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Penn & Teller at the Rio

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While in Vegas I went to only one show, Penn & Teller at the Rio hotel off strip. Access is simple, as there are free shuttles to the Rio at both the Paris and the Harrahs hotels. The only caveat is one should get there early as the shuttles often fill up quickly.

Magic shows come in two kinds: awe-inspiring or comedic. Penn & Teller tend toward comedy, but their skills are quite impressive. Usually Teller does the sleight of hand, silently, and Penn does the rest. But both are quite good. Twice they performed tricks using transparent props, and I couldn't follow where things went or where they came from, as they both move very fast.

The opening act is pure comedy concerned with throwing knives at a volunteer from the audience. Later the volunteer throws knives at Penn, which is a nice change. In fact the entire point is to fool the volunteer, and the joke is she never knows what's going on. Long story short, no knives are actually thrown by anyone. But it is funny.

Penn is also good at fire-eating tricks. He does a montage with a woman, also highly skilled, to soft jazz music, where they treat the fire as if they were drinks. They toast with them, they feed each other fire while entwining their arms, etc. At one point the woman takes a lit flame from Penn's mouth and lights her mouth. As fire-eating goes, it's very entertaining.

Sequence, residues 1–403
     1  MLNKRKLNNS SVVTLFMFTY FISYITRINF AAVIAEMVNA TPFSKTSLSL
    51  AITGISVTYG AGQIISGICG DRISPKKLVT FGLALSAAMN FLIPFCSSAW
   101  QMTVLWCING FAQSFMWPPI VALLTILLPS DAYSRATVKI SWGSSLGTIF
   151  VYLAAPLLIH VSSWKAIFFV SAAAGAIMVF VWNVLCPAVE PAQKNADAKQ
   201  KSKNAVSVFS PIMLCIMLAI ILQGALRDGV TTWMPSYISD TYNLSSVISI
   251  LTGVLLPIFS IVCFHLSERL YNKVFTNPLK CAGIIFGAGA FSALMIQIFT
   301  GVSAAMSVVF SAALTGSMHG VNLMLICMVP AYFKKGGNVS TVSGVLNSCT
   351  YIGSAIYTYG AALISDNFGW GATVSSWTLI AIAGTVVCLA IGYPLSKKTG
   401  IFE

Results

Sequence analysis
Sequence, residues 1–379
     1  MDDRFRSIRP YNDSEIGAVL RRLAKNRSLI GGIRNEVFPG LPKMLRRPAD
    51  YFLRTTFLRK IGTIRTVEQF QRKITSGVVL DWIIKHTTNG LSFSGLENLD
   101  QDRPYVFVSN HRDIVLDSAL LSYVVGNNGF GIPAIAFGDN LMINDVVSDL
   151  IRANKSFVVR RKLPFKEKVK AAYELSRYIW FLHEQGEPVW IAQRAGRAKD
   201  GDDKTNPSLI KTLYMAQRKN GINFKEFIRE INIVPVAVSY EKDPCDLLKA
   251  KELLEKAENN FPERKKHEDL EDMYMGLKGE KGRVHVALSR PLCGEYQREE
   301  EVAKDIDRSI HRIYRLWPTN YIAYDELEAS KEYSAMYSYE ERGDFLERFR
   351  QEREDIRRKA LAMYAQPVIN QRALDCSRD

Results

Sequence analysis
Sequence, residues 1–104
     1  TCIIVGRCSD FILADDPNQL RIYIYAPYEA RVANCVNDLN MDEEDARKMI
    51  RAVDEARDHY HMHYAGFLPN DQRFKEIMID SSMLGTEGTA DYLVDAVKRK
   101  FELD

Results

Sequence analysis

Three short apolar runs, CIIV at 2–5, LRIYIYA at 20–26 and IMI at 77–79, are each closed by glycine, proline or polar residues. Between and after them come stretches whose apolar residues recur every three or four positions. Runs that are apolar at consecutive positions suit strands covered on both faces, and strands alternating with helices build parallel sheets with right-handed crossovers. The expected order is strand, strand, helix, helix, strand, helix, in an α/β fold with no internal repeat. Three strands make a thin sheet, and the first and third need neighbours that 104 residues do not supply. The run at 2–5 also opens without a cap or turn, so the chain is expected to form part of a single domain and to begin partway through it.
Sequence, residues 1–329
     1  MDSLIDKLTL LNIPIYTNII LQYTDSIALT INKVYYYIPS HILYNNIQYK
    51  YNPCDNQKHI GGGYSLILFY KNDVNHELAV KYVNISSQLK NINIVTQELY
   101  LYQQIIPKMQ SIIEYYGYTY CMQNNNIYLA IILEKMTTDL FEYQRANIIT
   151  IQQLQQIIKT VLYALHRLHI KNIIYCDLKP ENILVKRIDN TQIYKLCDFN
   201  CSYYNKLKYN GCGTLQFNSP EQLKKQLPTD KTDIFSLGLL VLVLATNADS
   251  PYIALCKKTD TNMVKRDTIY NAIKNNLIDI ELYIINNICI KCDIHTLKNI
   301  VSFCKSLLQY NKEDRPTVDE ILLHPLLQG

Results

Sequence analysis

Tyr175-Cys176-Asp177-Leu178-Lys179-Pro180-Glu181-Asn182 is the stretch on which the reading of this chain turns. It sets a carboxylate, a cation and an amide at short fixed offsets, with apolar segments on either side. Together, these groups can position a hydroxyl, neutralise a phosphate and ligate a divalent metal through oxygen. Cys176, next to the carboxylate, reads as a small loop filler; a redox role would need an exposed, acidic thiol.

Teller does the straight magic acts alone. In one worth mentioning he gives an audience volunteer a fish bowl, then takes water from a small, transparent tank with his bare hands, shakes his hands into the fishbowl and coins drop into it. I felt like yelling out "Here, have some of my drink!" But I didn't. Later he takes the coins, shakes them into the tank and goldfish, live, appears.

Penn does a lenghty bit about psychics. He uses joke books to substitute for real life information. He chooses a few audience members at random, gives them several joke books, tells them to look through them and to pick a joke. Then he guesses the joke the way a psychic would "I see a dog, no a forest, no a politician!" And he explains exactly how he does it, what clues he gets from the participants, what knowledge he needs beforehand, etc. He goes on at lenght about not trusting psychics, as they are mere tricksters and frauds. I rather liked it.